America’s RRW program has brought non-proliferation concerns. This CDI article rehashes the worries of Sam Nunn, former Senator and leading nonproliferation advocate. Boiled down, he worries that refurbishing America’s nuclear warheads is 1) not necessary, 2) could encourage other nuclear powers to upgrade their own stockpiles and 3) embolden nuclear rogue-states:

For example, at a House Energy and Water Appropriations hearing on March 29, 2007, former senator and long-time chairman of the Senate Armed Services Committee, Sam Nunn, summarized the situation this way: “On the RRW itself, if Congress gives a green light to this program in our current world environment, I believe that this will be misunderstood by our allies, exploited by our adversaries, complicate our work to prevent the spread and use of nuclear weapons … and make resolution of the Iran and North Korea challenges all the more difficult.”


In short, Nunn and other witnesses have questioned how the RRW might impact nuclear non-proliferation efforts worldwide.


As Nunn elaborated, “I will leave it to others who have full access to classified material to discuss whether there is an urgent and imperative case for an RRW program at this time, but I can only say that I have not seen it. I can see, however, that we will pay a very high price in terms of our overall national security if Congress gives the approval to go forward with this program.”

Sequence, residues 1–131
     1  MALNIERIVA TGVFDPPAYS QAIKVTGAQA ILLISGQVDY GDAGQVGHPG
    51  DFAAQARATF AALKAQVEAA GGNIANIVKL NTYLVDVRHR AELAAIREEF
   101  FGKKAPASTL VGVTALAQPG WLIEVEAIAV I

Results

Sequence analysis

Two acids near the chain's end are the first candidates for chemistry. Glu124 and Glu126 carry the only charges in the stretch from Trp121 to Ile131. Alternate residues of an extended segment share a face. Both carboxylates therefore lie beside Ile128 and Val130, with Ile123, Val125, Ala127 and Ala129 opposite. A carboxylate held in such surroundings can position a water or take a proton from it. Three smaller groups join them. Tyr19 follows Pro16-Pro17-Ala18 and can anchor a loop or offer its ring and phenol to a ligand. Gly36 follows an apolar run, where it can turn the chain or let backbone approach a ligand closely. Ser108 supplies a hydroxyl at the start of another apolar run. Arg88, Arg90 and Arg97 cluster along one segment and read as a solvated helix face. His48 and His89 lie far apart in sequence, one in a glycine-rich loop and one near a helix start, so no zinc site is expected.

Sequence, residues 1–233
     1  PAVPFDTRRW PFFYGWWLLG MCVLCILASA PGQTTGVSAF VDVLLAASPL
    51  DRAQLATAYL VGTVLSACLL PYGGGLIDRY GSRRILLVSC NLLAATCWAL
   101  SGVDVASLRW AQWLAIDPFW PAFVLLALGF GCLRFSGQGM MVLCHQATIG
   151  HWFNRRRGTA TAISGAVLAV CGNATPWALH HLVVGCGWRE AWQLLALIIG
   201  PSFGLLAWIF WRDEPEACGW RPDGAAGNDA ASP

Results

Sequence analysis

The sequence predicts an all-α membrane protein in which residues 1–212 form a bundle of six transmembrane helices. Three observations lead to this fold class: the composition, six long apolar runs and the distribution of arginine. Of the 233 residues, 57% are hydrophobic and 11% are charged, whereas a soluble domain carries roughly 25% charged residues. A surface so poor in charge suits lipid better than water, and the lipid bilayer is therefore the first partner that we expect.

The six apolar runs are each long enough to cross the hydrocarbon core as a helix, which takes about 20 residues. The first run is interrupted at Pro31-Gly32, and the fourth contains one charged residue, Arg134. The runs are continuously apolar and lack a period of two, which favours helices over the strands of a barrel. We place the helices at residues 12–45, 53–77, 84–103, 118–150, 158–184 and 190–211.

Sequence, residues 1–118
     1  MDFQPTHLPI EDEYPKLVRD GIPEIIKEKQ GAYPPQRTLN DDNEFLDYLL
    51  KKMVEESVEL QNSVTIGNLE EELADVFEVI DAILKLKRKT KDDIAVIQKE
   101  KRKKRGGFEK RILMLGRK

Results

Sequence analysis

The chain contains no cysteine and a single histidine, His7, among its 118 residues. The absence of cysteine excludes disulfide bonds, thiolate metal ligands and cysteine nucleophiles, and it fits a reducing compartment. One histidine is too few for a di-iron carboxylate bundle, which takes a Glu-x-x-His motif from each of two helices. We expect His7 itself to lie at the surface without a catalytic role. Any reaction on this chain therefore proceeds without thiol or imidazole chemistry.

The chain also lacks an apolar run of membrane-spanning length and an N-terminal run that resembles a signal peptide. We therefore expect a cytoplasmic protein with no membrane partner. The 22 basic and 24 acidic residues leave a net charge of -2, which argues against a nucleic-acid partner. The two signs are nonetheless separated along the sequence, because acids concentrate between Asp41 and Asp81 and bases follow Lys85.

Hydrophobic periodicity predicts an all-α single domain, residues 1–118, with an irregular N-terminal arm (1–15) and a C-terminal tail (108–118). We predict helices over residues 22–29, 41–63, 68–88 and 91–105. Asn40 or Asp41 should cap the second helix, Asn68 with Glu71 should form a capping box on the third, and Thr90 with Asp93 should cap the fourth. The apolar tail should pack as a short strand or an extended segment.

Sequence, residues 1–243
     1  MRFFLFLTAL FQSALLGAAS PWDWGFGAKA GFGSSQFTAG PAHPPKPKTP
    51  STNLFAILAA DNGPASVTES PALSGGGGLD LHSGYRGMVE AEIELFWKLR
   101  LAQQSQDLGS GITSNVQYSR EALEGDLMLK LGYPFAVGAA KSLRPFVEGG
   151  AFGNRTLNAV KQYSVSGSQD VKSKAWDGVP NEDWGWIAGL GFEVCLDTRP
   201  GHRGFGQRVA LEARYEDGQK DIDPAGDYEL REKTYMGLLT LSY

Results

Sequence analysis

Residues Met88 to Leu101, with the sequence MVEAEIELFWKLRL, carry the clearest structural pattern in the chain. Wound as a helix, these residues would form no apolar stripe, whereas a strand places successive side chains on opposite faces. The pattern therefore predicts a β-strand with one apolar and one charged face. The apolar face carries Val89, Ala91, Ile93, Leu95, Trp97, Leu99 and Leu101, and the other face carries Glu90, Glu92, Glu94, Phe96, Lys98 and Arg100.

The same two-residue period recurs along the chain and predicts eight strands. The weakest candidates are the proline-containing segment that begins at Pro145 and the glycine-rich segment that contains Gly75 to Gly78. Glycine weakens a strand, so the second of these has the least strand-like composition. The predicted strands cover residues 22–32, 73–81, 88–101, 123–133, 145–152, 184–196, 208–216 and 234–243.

Posted in Gordon Brown, Iran, Reliable Replacement Warhead, RRW, Sam Nunn | Leave a Comment »

Nuclear Blow-Back on Bush Administration’s New Generation Weapons Plan

Posted by K.E. White on April 24, 2007

Concerns are mounting on the Bush administration’s proposal a funding a new nuclear warhead design. The debate pits arms control advocates against a Bush White House that has shown an appetite to revise arms control policies—leaving the Anti-ballistic Missile Treaty in 2002, and signaling support for nuclear ‘bunker buster’ weapons.

U.S. nuclear weapons currently carry W76 warheads, which after two decades need eventual replacement. But replacement plans—referred to as the Reliable Replacement Warhead (RRW)—may also bring new nuclear offensive capabilities, bringing worries of a great WMD proliferation, and a new arms race among nuclear weapons states.